One of the few doctrinal differences I might see between the Christian Church and LifePointe, a southern baptist church, is communion. They have communion every week and it’s open communion. There was a prayer put up on the screen from The Book on Common Prayer. My family and I participated in the entire communion and it was a meaningful experience for all of us.
David then brought the message. He’s starting a series on the book of Colossians. He used the first 7 or 8 verses for his talk It was a good talk, with audience participation.
After David’s talk the band got back on stage and they had a short invitation When it was over, I looked at my watch. I think we were there for an hour and 15 miutes to maybe an hour and a half.
As we were leaving, they announced that they had set a new attendance record that day, with I think 136 people. We started for the door, but these people are so friendly and fired up about what God is doing in their midst that we spent quite a bit of time talking with David and his wife Susan. We also talked to several others as we headed out. Then another young lady gave us the aforementioned tour of the childrens’ area. They also pointed out some ongoing construction in the big lobby area of the building. They are building a large baptistry into the floor of the lobby, with plenty of room for people to gather round and plenty of windows to let the light in.
My take of Common Ground Christian Church is that are on the cusp of reaching many more for Jesus. They seem to have their priorities together andÂ they seem to be structured for and dedicated to reaching people for Christ. They also seem to be working on a plan to bring these people into real discipleship. David and I had met once before, and in the two brief conversations I’ve had with him, we both are thinking and heading in the same direction.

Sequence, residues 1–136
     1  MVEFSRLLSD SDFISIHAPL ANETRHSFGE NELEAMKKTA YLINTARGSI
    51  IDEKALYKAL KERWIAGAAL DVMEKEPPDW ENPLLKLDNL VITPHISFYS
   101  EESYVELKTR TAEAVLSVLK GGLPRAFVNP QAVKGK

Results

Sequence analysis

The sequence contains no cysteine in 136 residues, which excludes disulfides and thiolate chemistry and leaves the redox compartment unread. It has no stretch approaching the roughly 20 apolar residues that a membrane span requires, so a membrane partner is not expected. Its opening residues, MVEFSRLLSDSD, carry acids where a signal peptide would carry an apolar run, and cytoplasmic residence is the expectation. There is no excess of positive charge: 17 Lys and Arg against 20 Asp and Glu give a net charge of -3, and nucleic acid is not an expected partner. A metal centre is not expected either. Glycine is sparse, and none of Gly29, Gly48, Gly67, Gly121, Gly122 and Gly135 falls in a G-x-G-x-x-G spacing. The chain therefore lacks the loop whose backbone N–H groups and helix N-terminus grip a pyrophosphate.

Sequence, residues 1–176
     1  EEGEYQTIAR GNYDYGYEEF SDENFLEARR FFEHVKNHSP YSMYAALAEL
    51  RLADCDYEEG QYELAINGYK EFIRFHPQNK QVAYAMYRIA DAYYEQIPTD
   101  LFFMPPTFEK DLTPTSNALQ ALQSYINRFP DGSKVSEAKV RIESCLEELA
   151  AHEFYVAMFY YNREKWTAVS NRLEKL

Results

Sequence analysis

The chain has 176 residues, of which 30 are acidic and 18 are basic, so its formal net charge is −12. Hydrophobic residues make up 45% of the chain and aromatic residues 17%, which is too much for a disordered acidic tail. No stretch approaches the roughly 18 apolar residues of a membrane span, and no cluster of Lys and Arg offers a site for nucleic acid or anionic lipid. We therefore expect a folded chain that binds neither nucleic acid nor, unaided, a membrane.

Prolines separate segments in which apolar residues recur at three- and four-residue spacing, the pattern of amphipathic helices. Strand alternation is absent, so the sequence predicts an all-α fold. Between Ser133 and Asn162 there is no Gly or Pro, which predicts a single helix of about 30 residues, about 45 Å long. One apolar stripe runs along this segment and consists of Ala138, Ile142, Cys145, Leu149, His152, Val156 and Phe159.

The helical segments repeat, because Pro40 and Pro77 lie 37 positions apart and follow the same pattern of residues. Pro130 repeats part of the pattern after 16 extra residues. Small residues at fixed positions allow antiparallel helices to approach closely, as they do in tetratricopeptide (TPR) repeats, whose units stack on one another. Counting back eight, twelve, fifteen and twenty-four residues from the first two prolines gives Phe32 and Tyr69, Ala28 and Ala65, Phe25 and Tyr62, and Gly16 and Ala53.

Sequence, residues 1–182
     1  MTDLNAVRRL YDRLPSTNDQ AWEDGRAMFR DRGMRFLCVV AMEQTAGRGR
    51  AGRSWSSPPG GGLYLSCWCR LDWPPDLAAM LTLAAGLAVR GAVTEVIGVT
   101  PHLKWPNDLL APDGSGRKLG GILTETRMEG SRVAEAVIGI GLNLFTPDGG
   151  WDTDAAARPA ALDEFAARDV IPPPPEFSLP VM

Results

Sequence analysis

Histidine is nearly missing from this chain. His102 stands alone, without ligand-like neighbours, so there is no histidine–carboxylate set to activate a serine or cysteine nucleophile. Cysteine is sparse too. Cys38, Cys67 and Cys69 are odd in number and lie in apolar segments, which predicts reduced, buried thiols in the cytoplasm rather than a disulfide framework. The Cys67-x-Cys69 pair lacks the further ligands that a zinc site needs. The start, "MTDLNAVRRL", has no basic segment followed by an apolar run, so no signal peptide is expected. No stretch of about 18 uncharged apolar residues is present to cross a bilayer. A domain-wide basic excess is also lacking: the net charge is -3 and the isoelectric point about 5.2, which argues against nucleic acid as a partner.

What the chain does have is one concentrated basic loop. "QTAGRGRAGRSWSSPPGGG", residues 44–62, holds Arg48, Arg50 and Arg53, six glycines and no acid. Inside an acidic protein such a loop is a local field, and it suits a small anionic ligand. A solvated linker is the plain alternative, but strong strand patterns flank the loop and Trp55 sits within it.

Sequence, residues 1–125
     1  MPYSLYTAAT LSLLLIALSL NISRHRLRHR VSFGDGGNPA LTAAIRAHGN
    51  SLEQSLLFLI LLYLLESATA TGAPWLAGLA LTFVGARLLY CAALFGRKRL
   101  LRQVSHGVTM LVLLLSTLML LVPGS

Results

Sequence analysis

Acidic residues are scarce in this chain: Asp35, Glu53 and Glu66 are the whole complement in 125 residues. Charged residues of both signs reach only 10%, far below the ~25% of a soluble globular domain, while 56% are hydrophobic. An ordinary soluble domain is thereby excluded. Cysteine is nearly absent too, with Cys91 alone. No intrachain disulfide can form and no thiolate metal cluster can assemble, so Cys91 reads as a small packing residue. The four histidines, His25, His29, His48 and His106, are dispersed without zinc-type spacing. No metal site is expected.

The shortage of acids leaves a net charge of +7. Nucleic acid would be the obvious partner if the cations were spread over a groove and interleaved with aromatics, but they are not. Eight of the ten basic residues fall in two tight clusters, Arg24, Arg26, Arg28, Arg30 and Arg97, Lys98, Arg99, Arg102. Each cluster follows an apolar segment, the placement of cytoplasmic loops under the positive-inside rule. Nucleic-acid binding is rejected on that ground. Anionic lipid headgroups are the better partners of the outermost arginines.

One more thing I really want to point out is the diversity of ages I saw attending CGCC. I would venture to say that there were just as many over-50s as their were under-50s. I think that speaks volumes. One of the arguments I’ve heard against using more contemporary style music is that the older generations won’t sit through it. I didn’t see anyone leave during the worship time at CGCC. I’ve read where it’s not really the music that draws these older generations to new church. What really draws them is to be in a place of worship where there are signs of life.
Overall, my family and I had a great time at CGCC. I’m sure we would probably disagree on some doctrinal matters. But we weren’t there to argue doctrine. We were there to join other brothers and sisters in worshipping our God, our Lord and Savior. And that’s just what we did.
CGCC will be a good church for LifePointe members to sit down with and learn from. Maybe, at some point in the future, we’ll be able to work that out.